Watching the Watchers

Quis custodiet ipsos custodes? Who watches the watchers? Juvenal from his Satires

In this case, new the Australian Commission for Law Enforcement Integrity and state crime and corruption commissions in NSW, Victoria, Queensland, SA and WA were all added to the list. Making the tally 17 Federal and State agencies that can use the Access and Assistance interception laws — assuming the new amendments are enacted.

The full list of agencies can be viewed in the pdf document below [4].

Telecommunications (Interception and Access) Act 1979 Annual Report 2016-17 – telecommunications-interception-access-act-1979-annual-report-16-17

Systematic Weaknesses and Vulnerabilities

The amendments introduced by the opposition Labor Party were aimed at tying down the definition of “systemic weakness” and  “systemic vulnerability” in the AA Act [5].

The idea of a “systematic vulnerability” in the original Bill, was intended, I presume, to limit technical assistance requests that could weaken internet infrastructure. But the definition given is an incomprehensible “Bullpitism” it reads:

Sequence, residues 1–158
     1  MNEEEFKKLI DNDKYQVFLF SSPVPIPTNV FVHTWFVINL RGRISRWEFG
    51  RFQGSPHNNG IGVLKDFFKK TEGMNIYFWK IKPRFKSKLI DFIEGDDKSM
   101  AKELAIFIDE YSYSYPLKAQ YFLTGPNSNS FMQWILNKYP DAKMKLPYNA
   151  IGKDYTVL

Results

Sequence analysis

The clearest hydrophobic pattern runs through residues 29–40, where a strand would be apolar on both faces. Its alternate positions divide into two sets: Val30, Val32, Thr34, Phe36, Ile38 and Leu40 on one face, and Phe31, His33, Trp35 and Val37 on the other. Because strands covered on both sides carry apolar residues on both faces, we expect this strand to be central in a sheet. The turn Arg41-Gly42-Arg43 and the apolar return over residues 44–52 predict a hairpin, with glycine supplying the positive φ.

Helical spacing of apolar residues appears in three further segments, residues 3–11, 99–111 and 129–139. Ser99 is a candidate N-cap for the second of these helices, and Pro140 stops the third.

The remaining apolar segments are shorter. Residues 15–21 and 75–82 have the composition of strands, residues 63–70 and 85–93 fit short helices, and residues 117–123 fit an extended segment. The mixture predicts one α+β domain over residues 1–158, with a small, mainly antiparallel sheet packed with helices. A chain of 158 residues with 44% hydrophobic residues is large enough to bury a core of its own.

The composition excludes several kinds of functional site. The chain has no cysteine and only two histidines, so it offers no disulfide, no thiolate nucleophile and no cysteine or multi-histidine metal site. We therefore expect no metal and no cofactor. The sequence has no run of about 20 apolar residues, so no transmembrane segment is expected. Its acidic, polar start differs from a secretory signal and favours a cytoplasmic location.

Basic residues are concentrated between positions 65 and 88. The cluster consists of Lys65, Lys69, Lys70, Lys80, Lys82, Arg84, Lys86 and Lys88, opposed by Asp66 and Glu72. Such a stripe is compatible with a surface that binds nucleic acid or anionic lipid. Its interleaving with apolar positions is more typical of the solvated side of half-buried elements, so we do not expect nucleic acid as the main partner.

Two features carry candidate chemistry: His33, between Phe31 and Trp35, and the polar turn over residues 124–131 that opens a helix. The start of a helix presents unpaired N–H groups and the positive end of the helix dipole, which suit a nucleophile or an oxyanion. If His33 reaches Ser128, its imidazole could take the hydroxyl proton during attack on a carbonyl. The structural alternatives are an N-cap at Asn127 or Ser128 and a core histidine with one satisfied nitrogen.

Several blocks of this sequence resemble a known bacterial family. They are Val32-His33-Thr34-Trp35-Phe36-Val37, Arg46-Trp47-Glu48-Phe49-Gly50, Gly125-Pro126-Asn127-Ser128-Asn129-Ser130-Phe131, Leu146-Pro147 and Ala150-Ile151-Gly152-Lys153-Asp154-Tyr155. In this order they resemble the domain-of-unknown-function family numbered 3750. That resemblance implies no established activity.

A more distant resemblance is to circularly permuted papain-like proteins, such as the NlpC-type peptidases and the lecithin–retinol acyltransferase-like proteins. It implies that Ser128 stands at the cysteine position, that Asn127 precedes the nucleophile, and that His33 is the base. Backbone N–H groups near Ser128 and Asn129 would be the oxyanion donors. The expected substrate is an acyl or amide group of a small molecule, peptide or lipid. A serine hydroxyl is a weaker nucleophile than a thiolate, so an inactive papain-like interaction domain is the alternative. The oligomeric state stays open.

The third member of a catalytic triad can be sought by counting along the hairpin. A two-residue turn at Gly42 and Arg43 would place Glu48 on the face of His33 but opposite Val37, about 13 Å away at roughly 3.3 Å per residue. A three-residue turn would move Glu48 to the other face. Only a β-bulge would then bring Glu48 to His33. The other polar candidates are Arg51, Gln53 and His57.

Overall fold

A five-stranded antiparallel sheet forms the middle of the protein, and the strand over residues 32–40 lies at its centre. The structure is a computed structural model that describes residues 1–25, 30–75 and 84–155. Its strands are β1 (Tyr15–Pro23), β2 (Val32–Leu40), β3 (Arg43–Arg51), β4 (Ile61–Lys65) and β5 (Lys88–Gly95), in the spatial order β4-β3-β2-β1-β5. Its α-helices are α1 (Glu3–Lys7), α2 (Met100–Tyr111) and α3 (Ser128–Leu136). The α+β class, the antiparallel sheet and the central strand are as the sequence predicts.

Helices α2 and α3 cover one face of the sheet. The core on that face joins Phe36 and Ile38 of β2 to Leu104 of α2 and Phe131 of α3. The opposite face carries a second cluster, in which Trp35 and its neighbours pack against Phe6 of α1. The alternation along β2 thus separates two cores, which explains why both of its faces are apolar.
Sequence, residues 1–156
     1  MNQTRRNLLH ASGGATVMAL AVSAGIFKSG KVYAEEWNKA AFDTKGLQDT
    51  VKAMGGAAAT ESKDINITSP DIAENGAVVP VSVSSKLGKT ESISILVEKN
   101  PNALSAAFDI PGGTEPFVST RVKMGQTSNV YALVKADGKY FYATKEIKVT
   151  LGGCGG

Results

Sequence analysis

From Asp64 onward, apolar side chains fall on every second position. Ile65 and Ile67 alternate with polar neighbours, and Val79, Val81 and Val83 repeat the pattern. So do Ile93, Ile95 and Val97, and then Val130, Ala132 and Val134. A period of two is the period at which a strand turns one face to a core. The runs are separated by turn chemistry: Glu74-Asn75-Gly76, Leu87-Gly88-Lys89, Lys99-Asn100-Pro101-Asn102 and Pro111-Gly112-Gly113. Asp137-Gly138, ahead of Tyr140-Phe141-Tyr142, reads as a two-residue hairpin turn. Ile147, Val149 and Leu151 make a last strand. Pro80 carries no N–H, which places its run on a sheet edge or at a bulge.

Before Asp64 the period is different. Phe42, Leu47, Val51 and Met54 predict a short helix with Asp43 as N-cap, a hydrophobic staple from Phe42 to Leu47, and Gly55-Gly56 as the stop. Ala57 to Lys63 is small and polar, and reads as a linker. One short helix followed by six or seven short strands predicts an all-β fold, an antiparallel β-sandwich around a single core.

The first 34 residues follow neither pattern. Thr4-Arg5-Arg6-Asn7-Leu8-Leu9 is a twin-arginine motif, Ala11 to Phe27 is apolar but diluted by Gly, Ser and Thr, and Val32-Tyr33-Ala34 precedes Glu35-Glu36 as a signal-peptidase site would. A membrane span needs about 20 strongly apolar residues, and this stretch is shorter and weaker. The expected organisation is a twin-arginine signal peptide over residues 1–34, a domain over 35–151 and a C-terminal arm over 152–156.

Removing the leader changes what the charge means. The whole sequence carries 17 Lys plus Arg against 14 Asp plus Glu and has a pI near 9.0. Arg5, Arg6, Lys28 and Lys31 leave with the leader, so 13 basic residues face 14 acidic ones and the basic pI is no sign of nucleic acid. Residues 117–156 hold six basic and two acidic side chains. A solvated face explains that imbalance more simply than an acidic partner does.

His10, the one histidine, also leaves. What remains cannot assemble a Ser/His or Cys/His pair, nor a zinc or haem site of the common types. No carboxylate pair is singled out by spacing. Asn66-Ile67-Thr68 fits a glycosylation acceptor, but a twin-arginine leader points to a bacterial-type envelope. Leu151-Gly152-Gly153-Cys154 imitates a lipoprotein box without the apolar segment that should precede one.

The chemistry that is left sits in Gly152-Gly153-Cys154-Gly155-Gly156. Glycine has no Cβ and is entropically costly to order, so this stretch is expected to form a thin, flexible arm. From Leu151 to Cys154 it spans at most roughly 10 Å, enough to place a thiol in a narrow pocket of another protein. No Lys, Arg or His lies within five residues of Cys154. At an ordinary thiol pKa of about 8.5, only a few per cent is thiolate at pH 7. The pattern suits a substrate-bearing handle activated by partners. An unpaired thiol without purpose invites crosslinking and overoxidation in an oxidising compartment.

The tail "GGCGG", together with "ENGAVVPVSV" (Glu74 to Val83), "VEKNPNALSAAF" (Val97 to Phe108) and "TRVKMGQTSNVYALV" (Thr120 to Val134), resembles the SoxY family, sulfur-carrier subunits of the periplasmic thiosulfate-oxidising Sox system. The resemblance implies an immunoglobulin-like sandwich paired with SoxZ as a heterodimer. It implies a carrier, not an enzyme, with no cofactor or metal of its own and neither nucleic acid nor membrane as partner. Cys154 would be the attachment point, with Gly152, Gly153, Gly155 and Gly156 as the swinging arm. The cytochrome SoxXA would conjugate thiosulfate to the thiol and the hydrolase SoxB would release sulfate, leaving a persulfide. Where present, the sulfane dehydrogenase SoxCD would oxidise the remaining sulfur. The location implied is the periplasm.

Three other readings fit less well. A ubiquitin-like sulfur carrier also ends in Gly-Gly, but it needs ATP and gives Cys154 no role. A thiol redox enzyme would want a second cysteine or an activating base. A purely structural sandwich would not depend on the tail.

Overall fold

systemic vulnerability means a vulnerability that affects a whole class of technology but does not include a vulnerability that is selectively introduced to one or more target technologies that are connected with a particular person.

A further indication of the confusion introduced into the Act with these two-terms: the definition of a “systemic weakness” is identical, except the word vulnerability is substituted by weakness.

The Labor Party amendment, passed by the Senate on 14 February, was to repeal the problematic definitions of systematic weaknesses or vulnerabilities in a new Section 317ZG that will prohibit: